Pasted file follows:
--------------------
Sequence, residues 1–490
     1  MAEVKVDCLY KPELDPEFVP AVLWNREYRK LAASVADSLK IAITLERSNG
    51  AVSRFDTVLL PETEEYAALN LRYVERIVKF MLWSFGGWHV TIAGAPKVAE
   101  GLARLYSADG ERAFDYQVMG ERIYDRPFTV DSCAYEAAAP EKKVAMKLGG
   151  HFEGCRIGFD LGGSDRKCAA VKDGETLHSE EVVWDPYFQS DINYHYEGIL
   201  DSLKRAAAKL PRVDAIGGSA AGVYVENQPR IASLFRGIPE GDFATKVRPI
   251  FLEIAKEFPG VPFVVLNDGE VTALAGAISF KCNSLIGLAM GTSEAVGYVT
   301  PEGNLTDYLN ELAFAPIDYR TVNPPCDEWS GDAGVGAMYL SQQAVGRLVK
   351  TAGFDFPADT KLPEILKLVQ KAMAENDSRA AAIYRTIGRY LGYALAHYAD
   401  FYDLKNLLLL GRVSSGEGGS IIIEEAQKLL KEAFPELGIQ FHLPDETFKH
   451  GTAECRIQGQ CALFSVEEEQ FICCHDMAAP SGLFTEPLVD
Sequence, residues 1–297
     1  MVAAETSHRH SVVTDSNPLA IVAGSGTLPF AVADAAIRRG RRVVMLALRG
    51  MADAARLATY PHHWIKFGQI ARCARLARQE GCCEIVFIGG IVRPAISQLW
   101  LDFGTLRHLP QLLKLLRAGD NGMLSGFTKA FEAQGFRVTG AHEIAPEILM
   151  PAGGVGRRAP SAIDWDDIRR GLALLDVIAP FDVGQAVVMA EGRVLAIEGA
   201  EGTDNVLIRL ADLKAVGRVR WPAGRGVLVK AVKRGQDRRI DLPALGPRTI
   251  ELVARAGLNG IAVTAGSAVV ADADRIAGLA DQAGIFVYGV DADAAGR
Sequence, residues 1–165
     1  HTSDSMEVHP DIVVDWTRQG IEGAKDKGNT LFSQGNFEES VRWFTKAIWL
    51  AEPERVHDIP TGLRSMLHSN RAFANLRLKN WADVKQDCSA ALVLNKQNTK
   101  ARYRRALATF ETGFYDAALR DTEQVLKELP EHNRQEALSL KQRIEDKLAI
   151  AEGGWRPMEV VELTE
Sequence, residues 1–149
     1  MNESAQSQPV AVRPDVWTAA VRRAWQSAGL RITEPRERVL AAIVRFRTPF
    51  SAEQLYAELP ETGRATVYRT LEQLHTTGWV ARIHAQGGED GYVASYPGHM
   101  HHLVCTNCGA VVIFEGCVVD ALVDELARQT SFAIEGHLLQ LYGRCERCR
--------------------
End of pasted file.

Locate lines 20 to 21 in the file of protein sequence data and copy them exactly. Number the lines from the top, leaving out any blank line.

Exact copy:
     1  HTSDSMEVHP DIVVDWTRQG IEGAKDKGNT LFSQGNFEES VRWFTKAIWL
    51  AEPERVHDIP TGLRSMLHSN RAFANLRLKN WADVKQDCSA ALVLNKQNTK